Alberta School Library Council’s Blog

TD Canadian Children’s Book Week May 3-May 10, 2014

November 30, 2013 (0 Comments)

Book Week is a great and relatively inexpensive way to have a well known Canadian author visit your school or library. The cost per reading is $150.00 plus a Shared Tour Cost of $50.00.
Applications are now open to host an author, illustrator or storyteller visit during TD Canadian Children’s Book Week 2014.

TD Canadian Children's Book Week is the single most important national event celebrating Canadian children's books and the importance of reading and stories. Jill Bryant, author and Kathy Stinson, author will be visiting schools, libraries, bookstores and community centres in Alberta in May 2014. Find out more and register at:

Every year, readings are given in schools, libraries and other public venues across Alberta. Authors connect with children and teens during Book Week. Meeting an author can encourage children to create their own stories and provide them with an avenue to explore their own creativity. Register now the deadline is December 31.



Rocky Mountain Book Awards

November 30, 2013 (0 Comments)

Have you registered your school for the Rocky Mountain Book Award? This reader's choice award designed for students in grades 4-7 is supported by the Alberta School Library Council. Further information can be found at

Inquiring Minds Want to Read and Write: Framing Curriculum and Instruction as Inquiry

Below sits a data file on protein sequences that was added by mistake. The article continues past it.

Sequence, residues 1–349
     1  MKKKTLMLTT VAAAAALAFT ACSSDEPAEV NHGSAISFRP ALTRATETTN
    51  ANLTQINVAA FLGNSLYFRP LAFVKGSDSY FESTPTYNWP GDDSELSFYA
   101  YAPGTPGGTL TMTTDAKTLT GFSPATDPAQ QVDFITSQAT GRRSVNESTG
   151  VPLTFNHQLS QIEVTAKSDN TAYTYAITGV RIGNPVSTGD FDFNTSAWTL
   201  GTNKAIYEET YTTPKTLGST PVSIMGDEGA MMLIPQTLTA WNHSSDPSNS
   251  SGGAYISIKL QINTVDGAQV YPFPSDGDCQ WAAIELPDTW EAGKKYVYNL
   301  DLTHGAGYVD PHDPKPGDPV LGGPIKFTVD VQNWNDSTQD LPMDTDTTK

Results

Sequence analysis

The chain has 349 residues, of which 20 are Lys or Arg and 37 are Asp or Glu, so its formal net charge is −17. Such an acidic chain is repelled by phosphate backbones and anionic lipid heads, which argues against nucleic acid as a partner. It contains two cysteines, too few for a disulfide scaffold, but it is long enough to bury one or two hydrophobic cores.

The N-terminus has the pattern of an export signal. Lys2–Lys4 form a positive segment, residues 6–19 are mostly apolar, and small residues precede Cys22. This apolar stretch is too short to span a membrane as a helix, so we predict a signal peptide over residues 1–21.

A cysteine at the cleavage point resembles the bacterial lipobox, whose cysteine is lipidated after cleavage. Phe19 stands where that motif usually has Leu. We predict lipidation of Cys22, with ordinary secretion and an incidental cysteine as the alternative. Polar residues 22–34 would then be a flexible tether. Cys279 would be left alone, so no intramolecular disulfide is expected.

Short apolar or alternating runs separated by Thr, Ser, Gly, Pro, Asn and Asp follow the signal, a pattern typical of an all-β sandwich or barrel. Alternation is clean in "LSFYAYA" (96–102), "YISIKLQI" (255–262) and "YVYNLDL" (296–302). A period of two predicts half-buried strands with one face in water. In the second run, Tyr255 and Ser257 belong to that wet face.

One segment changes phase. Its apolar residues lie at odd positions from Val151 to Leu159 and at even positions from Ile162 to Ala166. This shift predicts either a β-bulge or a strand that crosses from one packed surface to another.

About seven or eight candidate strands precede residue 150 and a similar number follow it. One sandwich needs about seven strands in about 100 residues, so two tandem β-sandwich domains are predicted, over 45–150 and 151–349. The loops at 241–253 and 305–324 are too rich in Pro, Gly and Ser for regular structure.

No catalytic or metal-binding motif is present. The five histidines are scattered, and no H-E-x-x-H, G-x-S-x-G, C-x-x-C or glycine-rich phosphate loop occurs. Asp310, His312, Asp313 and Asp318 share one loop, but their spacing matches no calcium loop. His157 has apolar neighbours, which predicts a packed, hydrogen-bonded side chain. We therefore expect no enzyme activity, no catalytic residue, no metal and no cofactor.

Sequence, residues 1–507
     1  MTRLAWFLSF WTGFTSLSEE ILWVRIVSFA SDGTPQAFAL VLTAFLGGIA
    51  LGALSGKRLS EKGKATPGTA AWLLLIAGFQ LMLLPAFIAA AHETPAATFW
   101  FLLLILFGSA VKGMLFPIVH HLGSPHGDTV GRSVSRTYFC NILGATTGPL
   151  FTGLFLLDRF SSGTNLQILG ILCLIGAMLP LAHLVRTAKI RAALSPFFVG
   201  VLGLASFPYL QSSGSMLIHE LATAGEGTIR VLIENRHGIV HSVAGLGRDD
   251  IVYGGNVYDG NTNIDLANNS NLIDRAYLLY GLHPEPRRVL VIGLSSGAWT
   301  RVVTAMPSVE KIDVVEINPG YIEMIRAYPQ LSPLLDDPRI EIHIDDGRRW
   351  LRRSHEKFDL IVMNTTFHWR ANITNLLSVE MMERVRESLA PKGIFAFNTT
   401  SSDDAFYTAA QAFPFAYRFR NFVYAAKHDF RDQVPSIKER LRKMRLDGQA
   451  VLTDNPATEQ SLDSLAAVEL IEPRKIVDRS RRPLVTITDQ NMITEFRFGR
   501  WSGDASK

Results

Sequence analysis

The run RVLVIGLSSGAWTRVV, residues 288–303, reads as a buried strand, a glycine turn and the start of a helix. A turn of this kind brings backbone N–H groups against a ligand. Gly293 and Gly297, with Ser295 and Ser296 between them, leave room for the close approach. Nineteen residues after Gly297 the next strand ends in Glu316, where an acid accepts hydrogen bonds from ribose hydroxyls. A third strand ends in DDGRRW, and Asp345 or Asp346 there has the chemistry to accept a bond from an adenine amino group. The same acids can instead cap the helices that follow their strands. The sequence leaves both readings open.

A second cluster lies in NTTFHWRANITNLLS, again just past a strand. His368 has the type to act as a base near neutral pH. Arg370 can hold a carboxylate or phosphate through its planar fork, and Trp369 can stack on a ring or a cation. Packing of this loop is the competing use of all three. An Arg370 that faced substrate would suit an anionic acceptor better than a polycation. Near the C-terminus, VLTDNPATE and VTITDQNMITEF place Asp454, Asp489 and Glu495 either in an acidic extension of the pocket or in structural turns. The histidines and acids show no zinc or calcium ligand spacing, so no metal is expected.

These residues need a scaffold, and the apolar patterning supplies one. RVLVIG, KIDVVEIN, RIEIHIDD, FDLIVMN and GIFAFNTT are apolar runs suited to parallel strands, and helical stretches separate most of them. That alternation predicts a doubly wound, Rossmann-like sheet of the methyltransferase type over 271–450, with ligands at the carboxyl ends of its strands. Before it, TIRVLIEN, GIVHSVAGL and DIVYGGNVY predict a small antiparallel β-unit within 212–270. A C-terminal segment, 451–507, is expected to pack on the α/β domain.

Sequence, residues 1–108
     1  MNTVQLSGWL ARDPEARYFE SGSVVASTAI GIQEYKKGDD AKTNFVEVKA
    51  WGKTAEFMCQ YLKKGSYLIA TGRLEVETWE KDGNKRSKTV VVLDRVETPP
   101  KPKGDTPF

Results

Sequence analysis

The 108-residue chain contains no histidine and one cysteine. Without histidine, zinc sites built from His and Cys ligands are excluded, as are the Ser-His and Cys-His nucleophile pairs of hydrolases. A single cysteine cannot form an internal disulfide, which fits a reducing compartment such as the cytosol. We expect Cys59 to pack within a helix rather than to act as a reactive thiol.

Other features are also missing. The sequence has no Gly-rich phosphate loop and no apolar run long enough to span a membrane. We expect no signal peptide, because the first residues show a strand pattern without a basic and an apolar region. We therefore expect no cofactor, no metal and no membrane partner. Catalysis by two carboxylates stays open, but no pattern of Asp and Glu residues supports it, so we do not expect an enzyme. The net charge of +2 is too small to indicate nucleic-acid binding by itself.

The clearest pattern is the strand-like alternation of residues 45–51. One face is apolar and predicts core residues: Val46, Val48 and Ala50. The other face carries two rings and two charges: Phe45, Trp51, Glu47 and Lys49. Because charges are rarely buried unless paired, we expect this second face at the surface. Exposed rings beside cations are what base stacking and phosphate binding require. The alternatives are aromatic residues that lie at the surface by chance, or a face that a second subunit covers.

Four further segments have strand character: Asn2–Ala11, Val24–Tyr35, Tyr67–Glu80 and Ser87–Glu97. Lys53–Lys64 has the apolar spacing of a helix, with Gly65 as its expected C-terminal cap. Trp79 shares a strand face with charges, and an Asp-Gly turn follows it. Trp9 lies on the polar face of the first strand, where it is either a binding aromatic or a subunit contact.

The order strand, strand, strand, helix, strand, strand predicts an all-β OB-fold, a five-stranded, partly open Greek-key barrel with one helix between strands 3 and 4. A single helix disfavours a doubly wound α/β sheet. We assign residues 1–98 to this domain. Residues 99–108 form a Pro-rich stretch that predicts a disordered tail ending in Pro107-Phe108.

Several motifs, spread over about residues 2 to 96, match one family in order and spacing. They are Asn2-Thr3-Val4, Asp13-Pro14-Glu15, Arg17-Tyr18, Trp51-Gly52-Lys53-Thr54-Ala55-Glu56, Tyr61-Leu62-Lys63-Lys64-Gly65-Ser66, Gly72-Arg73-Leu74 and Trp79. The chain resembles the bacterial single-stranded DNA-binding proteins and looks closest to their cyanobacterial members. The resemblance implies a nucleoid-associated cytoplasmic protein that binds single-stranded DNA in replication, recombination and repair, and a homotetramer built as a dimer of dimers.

October 30, 2013 (0 Comments)

Want to engage and excite your students in reading and writing? Wondering how to use the Inquiry process to deepen your instruction? Renowned author, researcher and presenter Jeffery Wilhelm will be presenting an interactive workshop designed to build a community of readers and writers in your classroom.

"This interactive workshop will pursue several strands:
1) What is inquiry and why does this structure engage and assist learners? You will examine inquiry, and how inquiry contexts embed assistance in literacy, deep conceptual understanding, and naturally lead to social action.

2) How can we reframe units we already teach as problems to be solved through the use of “Big” or “Essential” Questions?

3) How can we use questioning and discussion techniques to make reading and writing activities into a form of inquiry? It will examine inquiry approaches to curriculum and instruction, from reframing curriculum through essential questions to frontloading and effective questioning at the lesson level. Special attention will be given to approaches for helping students use inquiry strategies to comprehend text, ways to facilitate powerful inquiry driven discussions, and methods for creatingmeaningful assessments that drive literacy learning.

4) How can we use inquiry to create a community of learners working for social action and service? Dr. Wilhelm will discuss how group work/differentiation combined with inquiry, deep conceptual understanding, and social action creates a community and network or learners doing significant work together."

Dr. Jeffrey Wilhelm is an internationally-known educator, author, and presenter. A classroom teacher for fifteen years, Dr. Wilhelm is currently Professor of English Education at Boise State University. He is the founding director of the Maine Writing Project and the Boise State Writing Project. He has authored or co-authored 17 texts about literacy teaching and has won the two top research awards in English Education.  

The School Library Learning Commons: More than a new coat of paint and flexible furnishings!

July 09, 2013 (2 Comments)